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Kentucky will remove license plates from people attending Easter services

According to experts, more than 2,000 US coronavirus deaths were reported in a day, probably a high number

The officials are aware of about six churches that are planning to hold personal services, Governor Andy Beshear said in a statement. The state police will record participants’ license plates and tell them that it has violated the instructions of the state health authorities, the governor said.

“Local health authorities will then contact the people associated with these vehicles and commit them to self-quarantine for 14 days. This is the only way we can ensure that your decision does not kill anyone,” said Beshear.

It is vital for the state to take action, especially after a church revival last month that resulted from a church revival, after dozens of people fell ill and several people died in Hopkins County, he said.

“Guys, we shouldn’t have to do that,” he said. “We ask you to love your neighbor like yourself. We shouldn’t have to do that.”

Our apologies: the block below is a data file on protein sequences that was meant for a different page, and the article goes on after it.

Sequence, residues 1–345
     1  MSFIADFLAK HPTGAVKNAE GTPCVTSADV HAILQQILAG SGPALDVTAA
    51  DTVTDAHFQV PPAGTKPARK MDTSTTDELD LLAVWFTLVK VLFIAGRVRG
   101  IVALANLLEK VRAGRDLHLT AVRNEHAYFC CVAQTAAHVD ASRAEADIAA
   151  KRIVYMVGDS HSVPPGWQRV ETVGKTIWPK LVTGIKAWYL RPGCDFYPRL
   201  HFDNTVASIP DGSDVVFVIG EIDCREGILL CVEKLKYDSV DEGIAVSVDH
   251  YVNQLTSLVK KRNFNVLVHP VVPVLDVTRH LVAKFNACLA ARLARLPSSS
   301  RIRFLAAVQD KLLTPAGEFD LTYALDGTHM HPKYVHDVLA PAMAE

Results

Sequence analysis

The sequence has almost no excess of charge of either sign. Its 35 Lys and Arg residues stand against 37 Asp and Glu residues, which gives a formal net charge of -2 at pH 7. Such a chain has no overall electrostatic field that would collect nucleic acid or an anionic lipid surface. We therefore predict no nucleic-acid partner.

According to Johns Hopkins University, there are at least 1,693 coronavirus-confirmed cases and 90 deaths in Kentucky so far.

“The next few weeks will be absolutely crucial not only to blunt or smooth the curve, but also to protect those who are most vulnerable, especially our seniors who are in different types of assisted living facilities,” he said.

In one Tweet Friday, Senator Rand Paul, recovering from the corona virus, criticized the governor.

“Take license plates in the church? Quarantine someone because he is a Christian on Easter Sunday? Somebody has to step back here,” said the US Senator for Kentucky.

Despite the ban on mass gatherings and travel restrictions, the governor urged the young residents of the state not to worry about the Easter Bunny, who is considered an “essential worker” and can travel and work this weekend.

The United States recorded at least 2,074 deaths on Friday. This is the largest increase in coronavirus deaths since the outbreak began.

The total number of reported deaths is 18,777. More than 501,615 people tested positive, according to the Johns Hopkins University case list in the U.S.

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